Those lucky enough to be warped by these 15 classic horror films, now available on Blu-ray from The Criterion Collection and Kino Lorber, never got over them.

Music

Sixteen Years Later Wayne Payne Follows Up His Debut

Waylon Payne details a journey from addiction to redemption on Blue Eyes, The Harlot, The Queer, The Pusher & Me, his first album since his 2004 debut.

Music

Every Song on the Phoenix Foundation's 'Friend Ship' Is a Stand-Out

Friend Ship is the Phoenix Foundation's most personal work and also their most engaging since their 2010 classic, Buffalo.

Music

Kevin Morby Gets Back to Basics on 'Sundowner'

On Sundowner, Kevin Morby sings of valleys, broken stars, pale nights, and the midwestern American sun. Most of the time, he's alone with his guitar and a haunting mellotron.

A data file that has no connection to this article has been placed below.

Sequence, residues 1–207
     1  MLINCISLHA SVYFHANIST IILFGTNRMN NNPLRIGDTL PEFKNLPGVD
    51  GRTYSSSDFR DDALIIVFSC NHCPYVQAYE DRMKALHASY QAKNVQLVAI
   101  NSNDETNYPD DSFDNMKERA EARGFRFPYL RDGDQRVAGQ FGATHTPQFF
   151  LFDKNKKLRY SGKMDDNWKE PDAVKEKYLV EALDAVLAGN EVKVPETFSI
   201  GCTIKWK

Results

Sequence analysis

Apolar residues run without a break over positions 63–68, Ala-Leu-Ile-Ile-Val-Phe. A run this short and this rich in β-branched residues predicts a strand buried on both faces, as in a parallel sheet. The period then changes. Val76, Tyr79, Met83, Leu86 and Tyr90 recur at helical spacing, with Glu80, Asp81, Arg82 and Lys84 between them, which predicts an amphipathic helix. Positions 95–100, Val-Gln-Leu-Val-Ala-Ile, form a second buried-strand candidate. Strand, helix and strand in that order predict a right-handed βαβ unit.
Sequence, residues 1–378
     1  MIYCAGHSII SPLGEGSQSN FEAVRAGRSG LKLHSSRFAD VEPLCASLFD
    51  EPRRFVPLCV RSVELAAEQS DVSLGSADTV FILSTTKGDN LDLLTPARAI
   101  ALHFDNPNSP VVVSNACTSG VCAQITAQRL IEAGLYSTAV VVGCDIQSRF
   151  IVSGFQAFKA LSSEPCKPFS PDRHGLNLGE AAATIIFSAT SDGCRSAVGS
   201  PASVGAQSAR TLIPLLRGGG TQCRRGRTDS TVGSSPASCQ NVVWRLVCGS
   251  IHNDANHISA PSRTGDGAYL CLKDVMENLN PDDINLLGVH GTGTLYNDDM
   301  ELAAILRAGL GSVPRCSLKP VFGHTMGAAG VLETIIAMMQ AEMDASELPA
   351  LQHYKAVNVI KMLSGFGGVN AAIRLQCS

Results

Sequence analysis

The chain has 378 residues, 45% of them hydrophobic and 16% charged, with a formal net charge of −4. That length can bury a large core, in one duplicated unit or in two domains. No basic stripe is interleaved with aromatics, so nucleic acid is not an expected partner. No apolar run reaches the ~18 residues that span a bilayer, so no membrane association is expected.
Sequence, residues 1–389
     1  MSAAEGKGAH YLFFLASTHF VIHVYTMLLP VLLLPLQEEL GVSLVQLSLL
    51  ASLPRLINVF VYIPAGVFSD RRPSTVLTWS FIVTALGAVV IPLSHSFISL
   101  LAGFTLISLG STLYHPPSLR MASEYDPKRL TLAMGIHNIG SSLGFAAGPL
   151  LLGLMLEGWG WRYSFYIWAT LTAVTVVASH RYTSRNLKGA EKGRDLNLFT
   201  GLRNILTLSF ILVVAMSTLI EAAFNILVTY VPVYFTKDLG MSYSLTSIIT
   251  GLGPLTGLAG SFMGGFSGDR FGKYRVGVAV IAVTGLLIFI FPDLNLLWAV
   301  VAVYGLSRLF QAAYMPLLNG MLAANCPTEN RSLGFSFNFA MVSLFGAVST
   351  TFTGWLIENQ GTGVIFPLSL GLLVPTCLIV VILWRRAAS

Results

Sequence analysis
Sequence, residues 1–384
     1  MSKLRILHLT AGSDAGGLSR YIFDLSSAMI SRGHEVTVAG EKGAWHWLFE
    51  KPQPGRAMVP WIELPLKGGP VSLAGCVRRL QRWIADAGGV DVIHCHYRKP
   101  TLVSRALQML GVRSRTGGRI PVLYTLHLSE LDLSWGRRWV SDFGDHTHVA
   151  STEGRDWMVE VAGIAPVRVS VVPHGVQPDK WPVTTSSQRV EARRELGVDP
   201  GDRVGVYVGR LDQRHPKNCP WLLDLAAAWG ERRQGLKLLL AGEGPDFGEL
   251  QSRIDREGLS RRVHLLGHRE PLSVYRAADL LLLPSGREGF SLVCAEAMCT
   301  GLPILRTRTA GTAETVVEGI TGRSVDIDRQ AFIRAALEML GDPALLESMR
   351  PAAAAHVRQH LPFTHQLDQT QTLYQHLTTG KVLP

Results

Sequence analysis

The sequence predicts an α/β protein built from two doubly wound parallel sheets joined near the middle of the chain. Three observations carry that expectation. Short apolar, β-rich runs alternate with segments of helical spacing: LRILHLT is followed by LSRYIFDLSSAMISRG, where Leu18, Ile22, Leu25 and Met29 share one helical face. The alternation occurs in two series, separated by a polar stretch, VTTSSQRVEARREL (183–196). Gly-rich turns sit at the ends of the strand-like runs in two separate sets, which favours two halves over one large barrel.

Music

Lydia Loveless Creates Her Most Personal Album with 'Daughter'

Given the turmoil of the era, you might expect Lydia Loveless to lean into the anger, amplifying the electric guitar side of her cowpunk. Instead, she created a personal record with a full range of moods, still full of her typical wit.

Music

Flowers for Hermes: An Interview with Performing Activist André De Shields

From creating the title role in The Wiz to winning an Emmy for Ain't Misbehavin', André De Shields reflects on his roles in more than four decades of iconic musicals, including the GRAMMY and Tony Award-winning Hadestown.

Film

The 13 Greatest Horror Directors of All Time

In honor of Halloween, here are 13 fascinating fright mavens who've made scary movies that much more meaningful.

Music

British Jazz and Soul Artists Interpret the Classics on '​Blue Note Re:imagined'

Blue Note Re:imagined provides an entrance for new audiences to hear what's going on in British jazz today as well as to go back to the past and enjoy old glories.

Film

Bill Murray and Rashida Jones Add Another Shot to 'On the Rocks'

Sofia Coppola's domestic malaise comedy On the Rocks doesn't drown in its sorrows -- it simply pours another round, to which we raise our glass.

Music

​Patrick Cowley Remade Funk and Disco on 'Some Funkettes'